“Some days are excruciating and my escape is to put on my makeup and pretend that I’m coping. Every day is like living a lie and everyone sees me as a beautiful confident woman with her own business and career. No one sees me in my room at night crying and alone and wondering if there will ever be a day it doesn’t hurt,” Bethany* from Birmingham, who’s struggled with persistent depression disorder since 2010, told The Independent.
“I choose to cope alone because the few times I’ve tried to explain it to people they give me the usual ‘pull yourself together’ talk or don’t understand why I would be depressed. It’s easier to suffer in silence than seek help amongst the few friends I have. No one must see my vulnerability or that I am dealing with such mental turmoil.”
Things that should be a passing worry can expand quickly into consuming fear
“Living with anxiety is a little bit like that creeping sense that you left the iron on when you left for work. Except you didn’t use the iron this morning, you’ve more or less stopped using the iron, you started wearing shirts that don’t crease so you never have to think about whether the iron is on.
“And yet there it is, the sense that the iron is on, burning a merry hole in your curtains and setting the upholstery alight,” says Sarah*, who was officially diagnosed with anxiety and depression 18 months ago, despite having suspected it for a decade.
“Things that should be a passing worry can expand quickly into consuming fear. So I spend a lot of time trying to avoid things that are triggers, usually with very little success,” she explained to The Independent.
A constant pressure
“With my mental health problems there’s a constant pressure to prove that I can do things – it makes those moments where I don’t do well that make dealing with them harder,” says 22-year-old Sophie Dishman from Sunderland, who has OCD, social anxiety and health anxiety.
“It’s not easy battling your mind daily, added on top of low confidence, but I’m not brave or inspirational for doing it,” Sophie explained to The Independent.
“I’m a normal person whose mind may be a little abnormal but my mental health problems aren’t me. They don’t define me. They are part of me but they aren’t part of my identity.”
Many celebrities have hit the nail on the head for people struggling with mental health, reminding us that no one is alone.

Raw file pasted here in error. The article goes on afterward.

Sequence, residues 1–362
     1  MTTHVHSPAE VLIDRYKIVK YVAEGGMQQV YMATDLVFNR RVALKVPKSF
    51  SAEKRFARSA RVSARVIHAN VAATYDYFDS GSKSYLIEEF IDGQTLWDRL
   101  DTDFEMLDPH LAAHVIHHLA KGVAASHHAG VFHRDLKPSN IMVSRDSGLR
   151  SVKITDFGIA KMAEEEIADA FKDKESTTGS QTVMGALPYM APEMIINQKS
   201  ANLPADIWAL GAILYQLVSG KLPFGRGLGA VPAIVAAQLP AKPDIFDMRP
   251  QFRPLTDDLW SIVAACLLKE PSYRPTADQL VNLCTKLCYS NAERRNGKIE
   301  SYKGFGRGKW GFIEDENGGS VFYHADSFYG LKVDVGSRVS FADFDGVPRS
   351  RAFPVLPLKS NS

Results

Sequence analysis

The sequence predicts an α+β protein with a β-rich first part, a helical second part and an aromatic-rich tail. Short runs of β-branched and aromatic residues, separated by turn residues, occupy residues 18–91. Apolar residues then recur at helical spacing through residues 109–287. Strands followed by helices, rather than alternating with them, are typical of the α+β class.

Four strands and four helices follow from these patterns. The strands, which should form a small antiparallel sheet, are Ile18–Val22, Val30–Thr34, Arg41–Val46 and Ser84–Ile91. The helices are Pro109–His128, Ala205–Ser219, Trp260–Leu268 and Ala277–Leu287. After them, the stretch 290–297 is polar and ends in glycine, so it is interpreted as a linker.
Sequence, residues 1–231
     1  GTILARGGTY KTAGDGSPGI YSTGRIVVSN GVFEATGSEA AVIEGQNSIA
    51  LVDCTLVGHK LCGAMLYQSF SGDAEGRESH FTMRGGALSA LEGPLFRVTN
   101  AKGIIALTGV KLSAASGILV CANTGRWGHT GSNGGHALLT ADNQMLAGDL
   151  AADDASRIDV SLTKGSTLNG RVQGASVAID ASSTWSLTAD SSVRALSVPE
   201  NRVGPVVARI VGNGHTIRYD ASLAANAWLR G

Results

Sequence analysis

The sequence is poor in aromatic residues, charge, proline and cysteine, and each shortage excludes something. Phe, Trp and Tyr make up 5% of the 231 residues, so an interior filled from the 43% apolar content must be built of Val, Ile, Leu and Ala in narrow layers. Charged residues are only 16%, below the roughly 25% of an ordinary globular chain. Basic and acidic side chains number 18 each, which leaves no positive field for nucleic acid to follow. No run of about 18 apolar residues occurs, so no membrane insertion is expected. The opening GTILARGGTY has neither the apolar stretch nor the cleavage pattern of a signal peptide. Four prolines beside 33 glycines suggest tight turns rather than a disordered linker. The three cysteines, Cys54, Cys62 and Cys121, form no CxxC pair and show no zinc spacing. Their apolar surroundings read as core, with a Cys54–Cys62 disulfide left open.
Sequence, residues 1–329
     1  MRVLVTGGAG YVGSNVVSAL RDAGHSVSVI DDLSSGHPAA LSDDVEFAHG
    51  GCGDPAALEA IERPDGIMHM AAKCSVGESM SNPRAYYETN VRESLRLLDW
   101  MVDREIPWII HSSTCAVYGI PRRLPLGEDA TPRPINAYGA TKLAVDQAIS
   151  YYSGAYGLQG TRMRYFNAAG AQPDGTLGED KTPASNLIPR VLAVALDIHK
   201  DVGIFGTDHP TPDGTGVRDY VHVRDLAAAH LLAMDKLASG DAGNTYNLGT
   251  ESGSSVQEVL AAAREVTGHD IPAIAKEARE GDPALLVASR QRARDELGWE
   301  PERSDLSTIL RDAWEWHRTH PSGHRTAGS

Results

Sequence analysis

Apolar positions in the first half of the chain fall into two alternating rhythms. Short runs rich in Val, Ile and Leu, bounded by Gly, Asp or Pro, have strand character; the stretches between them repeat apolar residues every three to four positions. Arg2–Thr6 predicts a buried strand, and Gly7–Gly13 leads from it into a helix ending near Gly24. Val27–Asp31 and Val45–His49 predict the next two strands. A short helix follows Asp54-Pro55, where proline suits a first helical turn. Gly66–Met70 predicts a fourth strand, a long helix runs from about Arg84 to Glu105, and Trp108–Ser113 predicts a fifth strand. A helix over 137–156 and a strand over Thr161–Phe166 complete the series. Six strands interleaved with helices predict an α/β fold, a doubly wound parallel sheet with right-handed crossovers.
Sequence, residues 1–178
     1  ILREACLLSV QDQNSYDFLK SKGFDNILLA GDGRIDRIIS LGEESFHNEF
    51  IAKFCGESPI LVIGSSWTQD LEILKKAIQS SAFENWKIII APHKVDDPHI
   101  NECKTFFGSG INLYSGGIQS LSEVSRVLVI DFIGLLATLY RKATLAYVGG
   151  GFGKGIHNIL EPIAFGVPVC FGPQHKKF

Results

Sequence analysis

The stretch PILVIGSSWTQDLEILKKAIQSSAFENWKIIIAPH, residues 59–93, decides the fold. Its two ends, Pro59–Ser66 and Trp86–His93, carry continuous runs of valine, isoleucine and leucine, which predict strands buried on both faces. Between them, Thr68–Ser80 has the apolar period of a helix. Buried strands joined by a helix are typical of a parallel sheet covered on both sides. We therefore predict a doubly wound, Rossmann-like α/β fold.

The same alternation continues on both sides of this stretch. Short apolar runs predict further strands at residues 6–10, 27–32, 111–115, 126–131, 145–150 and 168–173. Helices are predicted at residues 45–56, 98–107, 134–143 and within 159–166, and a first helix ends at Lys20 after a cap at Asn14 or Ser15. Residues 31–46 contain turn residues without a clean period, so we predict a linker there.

“For me, depression is not sadness. It’s not having a bad day and needing a hug,” Kristen Bell wrote in an article last year.
“It gave me a complete and utter sense of isolation and loneliness,” she continued. “Its debilitation was all-consuming, and it shut down my mental circuit board. I felt worthless, like I had nothing to offer, like I was a failure.”
What’s more, Carrie Fisher’s musings on mental health were widely shared online after her death at the end of 2016: “In my opinion, living with manic depression takes a tremendous amount of balls.
“At times, being bipolar can be an all-consuming challenge, requiring a lot of stamina and even more courage, so if you’re living with this illness and functioning at all, it’s something to be proud of, not ashamed of.”
But perhaps a lesser-discussed topic is how mental illness affects the family and friends of those suffering.
For Steve*, whose girlfriend of 18 months developed depression and body dysmorphic disorder, life became really difficult.
“It got so serious that she needed specialist treatment, I was the only person supporting her and I went through awful times,” he told The Independent. “I found my family and friends didn’t understand and lost many close relationships as a result.”
Steve stayed with his girlfriend until she was “better”, but found he himself had “a lot to get over” after the relationship ended.
Even though more and more people are being open about their mental health, depression and anxiety affect more of us than we know. Never forget that you never know what someone’s going through.
Read more at independent.co.uk